Pesticides in Baby Food
July 1, 1995

Pesticides in Baby Food: Pesticides in Baby Food


The Chemicals


Sixteen different pesticides were found in the eight baby food products tested (Table 2). More than half (53 percent) of all samples contained detectable levels of pesticides, 18 percent of samples had two or more pesticides in them, and one sample contained three different pesticides (Table 3).

Iprodione (Rovral), classified as a probable human carcinogen by the EPA, was found more often than any other pesticide (eight detections), followed by thiabendazole with seven detections, botran with six, and permethrin with five.

Iprodione on plums and peaches were the highest levels of any pesticide found on any single crop at 46 and 29 ppb respectively. Thiabendazole in applesauce, dimethoate in pears, and permethrin in peaches rounded out the top five at 19, 18 and 16 ppb (Table 4).

Of the sixteen pesticides detected, three are probable human carcinogens, five are possible human carcinogens, eight are neurotoxins, five are endocrine disruptors, and five are categorized as oral toxicity 1 chemicals, the most toxic designation (Table 5).


The Crops


Peaches and pears had the highest percent of detections (78 percent) (Table 6). One third of peach samples had 2 pesticides on them, whereas twenty-two percent of pears contained two pesticides. Three different pesticides were detected on peaches, and five different pesticides were detected on pears.

Applesauce, plums, and sweet potatoes had the next highest rates, with two thirds testing positive for pesticides. One third of applesauce samples had 2 pesticides in them, 11 percent of plums had two, and no samples of sweet potatoes had two pesticides in them. In fact, all the sweet potatoes contained the same pesticide, botran, a post harvest sprout inhibitor that could easily be replaced with refrigeration. Four different pesticides were found in applesauce, and three were found on plums.

Forty-four percent of green bean samples were positive for pesticides, all with at least two different compounds detected. One green bean sample contained 3 different pesticides.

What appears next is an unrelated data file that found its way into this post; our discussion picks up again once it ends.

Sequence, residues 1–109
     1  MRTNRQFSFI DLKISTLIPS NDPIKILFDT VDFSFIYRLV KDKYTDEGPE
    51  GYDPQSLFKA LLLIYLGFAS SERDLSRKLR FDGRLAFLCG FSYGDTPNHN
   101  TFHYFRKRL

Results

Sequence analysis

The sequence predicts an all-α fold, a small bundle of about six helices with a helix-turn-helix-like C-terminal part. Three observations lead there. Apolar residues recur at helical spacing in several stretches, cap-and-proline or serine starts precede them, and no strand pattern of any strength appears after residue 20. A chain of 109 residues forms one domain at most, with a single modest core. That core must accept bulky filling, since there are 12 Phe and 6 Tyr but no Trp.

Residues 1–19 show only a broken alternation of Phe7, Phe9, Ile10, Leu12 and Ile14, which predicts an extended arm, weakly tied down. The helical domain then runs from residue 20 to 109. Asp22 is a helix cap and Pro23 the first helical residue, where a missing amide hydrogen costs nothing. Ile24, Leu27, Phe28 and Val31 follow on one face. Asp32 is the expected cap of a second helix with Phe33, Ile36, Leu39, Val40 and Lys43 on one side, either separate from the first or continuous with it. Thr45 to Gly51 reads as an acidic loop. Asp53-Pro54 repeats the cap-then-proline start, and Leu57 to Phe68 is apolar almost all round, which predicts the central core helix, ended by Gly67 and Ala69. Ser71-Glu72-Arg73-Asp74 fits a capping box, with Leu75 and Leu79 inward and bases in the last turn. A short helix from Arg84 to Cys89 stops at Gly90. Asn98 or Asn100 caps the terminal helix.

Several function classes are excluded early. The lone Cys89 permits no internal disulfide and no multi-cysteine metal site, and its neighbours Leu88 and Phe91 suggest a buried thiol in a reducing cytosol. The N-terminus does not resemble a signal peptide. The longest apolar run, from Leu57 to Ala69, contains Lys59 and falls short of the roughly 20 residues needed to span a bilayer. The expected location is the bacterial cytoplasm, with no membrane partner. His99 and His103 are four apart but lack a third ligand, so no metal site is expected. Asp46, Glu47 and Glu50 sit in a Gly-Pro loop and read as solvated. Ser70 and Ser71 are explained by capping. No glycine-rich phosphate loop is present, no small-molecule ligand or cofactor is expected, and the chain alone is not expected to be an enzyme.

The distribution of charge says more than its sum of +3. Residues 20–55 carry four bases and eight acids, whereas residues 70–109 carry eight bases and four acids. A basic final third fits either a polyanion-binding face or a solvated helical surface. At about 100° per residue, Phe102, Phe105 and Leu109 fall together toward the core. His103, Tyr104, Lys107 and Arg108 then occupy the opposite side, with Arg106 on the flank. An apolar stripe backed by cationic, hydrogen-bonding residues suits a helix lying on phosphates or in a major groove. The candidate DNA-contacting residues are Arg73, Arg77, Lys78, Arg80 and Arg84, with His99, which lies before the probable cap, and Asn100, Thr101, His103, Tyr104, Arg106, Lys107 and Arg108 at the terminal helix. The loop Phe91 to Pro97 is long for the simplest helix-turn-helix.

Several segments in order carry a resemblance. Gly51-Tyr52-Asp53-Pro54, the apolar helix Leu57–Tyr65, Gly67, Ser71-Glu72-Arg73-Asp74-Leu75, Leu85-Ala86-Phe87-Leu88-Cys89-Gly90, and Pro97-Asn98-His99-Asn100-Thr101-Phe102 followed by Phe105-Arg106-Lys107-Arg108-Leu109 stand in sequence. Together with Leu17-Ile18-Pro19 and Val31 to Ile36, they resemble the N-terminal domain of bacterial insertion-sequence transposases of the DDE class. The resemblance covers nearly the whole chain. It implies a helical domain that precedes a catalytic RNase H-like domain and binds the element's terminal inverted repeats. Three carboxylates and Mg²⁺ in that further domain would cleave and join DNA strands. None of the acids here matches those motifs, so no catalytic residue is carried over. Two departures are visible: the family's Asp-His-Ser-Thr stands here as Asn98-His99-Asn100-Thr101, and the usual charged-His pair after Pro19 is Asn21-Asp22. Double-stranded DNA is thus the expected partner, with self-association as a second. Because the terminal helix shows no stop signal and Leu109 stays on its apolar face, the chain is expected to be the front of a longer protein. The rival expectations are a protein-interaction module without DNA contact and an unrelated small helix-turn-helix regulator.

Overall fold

No directly applied pesticides were found in squash, although 22 percent of samples contained DDE (the breakdown product of DDT), or dieldrin, a potent, persistent, cancer-causing pesticide banned for 20 years but commonly absorbed by crops from polluted soil. Garden vegetables and the composite pea/carrot mixture substituted for them, contained no detectable pesticide residues.

Pears had the greatest variety of pesticides in them (five), followed by applesauce with four, and peaches, plums, and green beans with three. Plums had the highest total pesticide load at 53 ppb, followed by peaches at 46 ppb, and pears at 41 ppb (Table 6).


FDA Baby Food Testing


The Food and Drug Administration (FDA) tests baby foods for pesticides as a part of its Total Diet Study (TDS). Under the TDS, FDA purchases 234 foods four times per year, each time from one geographic location, and tests them for pesticides and other contaminants.

A 1993 paper published in the Journal of AOAC International by FDA scientists, reported dozens of pesticides in baby food purchased in grocery stores and tested in the TDS during the years 1985 through 1991 (Yess et al. 1993). The results support the finding of our study.

The FDA found 22 pesticides over the seven year period in the eight fruits and vegetables analyzed in this report (Table 7). This is eight more pesticides than found in this study, probably due to the larger sample size and longer duration of time representated by the FDA data.

In the 27 samples tested during the seven year period that most closely match our sampled foods, the FDA found 12 pesticides in applesauce, seven in peaches, 11 in pears, and seven in green beans, peaches and plums/prunes . The pesticides found most often were phosalone (41 detections), dicloran (32) endosulfan (31), chlorpyriphos (29), and parathion (28). The pesticide found at the highest level was propargite, a probable human carcinogen, found at the highest levels of any pesticide in applesauce, peaches, and plums. Phosalone was found at the highest levels in pears.

In vegetables, the FDA results were even more similar to ours. Dicloran in sweet potatoes, and methamidophos and acephate in green beans dominated the residue profile, with dicloran in sweet potatoes the highest reported residues in the vegetables we tested. The FDA found 5 pesticides in mixed/garden vegetables, one pesticide in peas, and four pesticides in carrots. This is more pesticides than we found in similar foods -- we found no detectable residues in garden vegetables or a pea/carrot mix. But like our results, the agency found fewer pesticides in these foods than in other common fruit and vegetable baby foods products.

Notably, DDT was found by the FDA at least once in all the fruits and vegetable samples (except sweet potatoes). As expected, DDT detections were more prevalent and at higher levels in the meat dinners tested by FDA. For example, DDT was found in 26 out of 27 baby beef dinners, and 19 out of 27 chicken or turkey dinners and 16 out of 27 pork dinner samples over the seven year period.